Chesapeake Realty has overseen dozens of residential and retail projects in the region, including the Honeygo Village Center, a mixed-use development in Baltimore County. The company announced last year that it was starting work on five new apartment complexes in the Mid-Atlantic region at a cost of $186.5 million, including a 193-unit apartment building and parking garage in South Baltimore.
Some of the company's projects have sparked controversy. Chesapeake Realty is battling environmentalists over a proposed 156-home development adjacent to Quiet Waters Park in Annapolis, for instance. Opponents say the project would violate the state's Forest Conservation Act because it calls for felling trees that are considered a high priority for conservation.
David Prosten of the Sierra Club's Anne Arundel County chapter said the company has made only minimal efforts to compromise. The Annapolis Board of Appeals is reviewing the project.
"It's been a struggle with these folks," said Prosten, who said the community has engaged with Fidler's attorneys, not Josh Fidler directly. "The developer is basically sticking to his guns."
An attorney for Chesapeake Realty, Stanley S. Fine, did not return a phone call seeking comment.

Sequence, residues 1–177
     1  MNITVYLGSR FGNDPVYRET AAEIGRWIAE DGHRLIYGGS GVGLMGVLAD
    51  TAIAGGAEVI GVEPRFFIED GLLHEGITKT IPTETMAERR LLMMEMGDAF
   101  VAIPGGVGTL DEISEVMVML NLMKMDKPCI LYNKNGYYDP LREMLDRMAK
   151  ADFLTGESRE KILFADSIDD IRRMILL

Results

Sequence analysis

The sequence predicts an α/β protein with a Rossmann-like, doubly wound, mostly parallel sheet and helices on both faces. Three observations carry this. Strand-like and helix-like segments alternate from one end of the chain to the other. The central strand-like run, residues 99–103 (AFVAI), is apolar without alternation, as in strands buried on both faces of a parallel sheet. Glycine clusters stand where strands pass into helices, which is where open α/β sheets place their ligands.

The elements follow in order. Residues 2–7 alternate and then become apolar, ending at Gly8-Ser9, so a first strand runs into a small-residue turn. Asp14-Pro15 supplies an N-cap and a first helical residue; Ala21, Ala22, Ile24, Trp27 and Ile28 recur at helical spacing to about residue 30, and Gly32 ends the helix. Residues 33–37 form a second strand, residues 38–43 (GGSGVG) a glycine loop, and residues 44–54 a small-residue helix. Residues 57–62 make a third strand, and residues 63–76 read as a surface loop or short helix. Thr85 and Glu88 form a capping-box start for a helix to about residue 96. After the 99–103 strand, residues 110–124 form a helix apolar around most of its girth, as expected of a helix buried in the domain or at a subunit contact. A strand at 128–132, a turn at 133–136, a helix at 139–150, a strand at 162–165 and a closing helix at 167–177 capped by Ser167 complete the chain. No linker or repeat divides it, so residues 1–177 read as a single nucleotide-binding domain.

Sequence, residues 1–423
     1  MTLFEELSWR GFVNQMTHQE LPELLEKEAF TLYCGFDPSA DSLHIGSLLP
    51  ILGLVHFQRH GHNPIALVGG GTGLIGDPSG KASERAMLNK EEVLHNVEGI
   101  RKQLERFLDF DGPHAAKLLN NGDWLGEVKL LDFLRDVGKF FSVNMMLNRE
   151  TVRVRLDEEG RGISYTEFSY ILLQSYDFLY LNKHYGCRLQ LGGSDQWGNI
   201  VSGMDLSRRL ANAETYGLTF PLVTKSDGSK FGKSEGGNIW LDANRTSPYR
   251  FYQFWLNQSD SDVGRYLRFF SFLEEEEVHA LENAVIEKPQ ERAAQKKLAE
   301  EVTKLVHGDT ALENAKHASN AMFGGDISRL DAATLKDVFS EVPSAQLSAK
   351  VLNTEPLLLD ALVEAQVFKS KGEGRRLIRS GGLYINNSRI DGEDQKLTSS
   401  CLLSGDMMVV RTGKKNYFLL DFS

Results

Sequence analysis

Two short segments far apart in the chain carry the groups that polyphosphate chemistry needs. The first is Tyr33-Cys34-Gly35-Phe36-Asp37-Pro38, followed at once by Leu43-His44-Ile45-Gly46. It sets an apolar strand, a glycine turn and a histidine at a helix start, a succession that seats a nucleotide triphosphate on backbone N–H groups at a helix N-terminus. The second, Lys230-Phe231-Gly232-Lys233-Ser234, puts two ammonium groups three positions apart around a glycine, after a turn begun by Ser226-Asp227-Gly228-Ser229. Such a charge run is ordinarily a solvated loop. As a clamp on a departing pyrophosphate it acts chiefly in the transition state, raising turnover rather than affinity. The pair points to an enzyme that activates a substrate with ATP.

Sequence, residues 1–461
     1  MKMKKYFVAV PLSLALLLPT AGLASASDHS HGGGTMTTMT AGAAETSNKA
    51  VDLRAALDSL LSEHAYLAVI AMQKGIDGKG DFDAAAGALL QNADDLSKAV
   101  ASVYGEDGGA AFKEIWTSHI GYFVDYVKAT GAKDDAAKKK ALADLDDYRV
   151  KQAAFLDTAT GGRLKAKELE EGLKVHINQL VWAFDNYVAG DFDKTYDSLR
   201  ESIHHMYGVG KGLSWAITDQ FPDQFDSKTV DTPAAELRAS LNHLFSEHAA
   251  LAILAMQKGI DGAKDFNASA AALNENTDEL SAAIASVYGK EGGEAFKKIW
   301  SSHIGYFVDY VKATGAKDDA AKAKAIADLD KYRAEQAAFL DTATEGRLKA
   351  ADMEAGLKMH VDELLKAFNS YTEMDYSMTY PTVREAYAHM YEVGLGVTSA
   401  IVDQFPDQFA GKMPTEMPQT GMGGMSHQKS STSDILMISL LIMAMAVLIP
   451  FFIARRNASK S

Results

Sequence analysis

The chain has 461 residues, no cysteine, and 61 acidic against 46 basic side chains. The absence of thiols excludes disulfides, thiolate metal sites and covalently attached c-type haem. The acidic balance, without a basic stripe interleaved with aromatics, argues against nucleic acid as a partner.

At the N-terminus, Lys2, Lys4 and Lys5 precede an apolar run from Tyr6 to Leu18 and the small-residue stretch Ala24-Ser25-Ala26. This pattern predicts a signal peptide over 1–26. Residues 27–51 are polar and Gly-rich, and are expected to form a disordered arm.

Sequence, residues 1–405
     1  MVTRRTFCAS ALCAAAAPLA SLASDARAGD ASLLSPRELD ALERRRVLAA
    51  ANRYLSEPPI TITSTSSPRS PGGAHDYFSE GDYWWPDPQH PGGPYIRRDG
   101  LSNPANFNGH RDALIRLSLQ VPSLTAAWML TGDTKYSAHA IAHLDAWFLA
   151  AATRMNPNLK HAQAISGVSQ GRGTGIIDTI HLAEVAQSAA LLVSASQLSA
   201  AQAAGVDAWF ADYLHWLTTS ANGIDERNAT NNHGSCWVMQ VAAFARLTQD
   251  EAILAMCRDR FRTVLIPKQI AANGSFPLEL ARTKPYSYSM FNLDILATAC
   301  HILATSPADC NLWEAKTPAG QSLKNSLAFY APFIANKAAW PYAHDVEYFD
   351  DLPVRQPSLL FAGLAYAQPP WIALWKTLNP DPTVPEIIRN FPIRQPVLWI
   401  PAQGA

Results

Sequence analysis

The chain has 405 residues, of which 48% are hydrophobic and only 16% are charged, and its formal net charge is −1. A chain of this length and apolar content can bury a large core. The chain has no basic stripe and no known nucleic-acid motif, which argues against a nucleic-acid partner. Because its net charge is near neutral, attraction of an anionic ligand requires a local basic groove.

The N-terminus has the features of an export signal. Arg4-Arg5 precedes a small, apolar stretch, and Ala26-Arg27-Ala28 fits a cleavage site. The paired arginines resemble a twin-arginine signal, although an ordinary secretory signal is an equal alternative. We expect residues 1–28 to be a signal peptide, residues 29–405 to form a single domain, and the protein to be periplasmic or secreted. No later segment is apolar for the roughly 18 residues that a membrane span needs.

But other community groups have a more positive impression. When the South Baltimore Neighborhood Association raised concerns about limited parking around the company's project at 1901 S. Charles St., the developer quickly decided to require prospective tenants to purchase a spot in the building's parking garage, said the association's president, Amy Mutch.
Chesapeake has been engaged with the community, Mutch said, regularly attending its meetings.
Despite their work in the region, the Fidlers are not big contributors to local and state candidates. Together, the two have given about $14,000 to Maryland campaigns since the beginning of the 2006 state election cycle, including to Attorney General Douglas F. Gansler and Lt. Gov. Anthony G. Brown, both Democrats.
Like many developers, Chesapeake has relied on construction loans that are insured by the Federal Housing Administration, which allows the company to receive lower interest rates. Chesapeake has two projects under way that have received the support and has been associated with at least 10 others, according to the U.S. Department of Housing and Urban Development.
"They do quality work," said Kevin McAndrews, president of Baltimore-based Atapco Properties. "That's why we're in a business with them."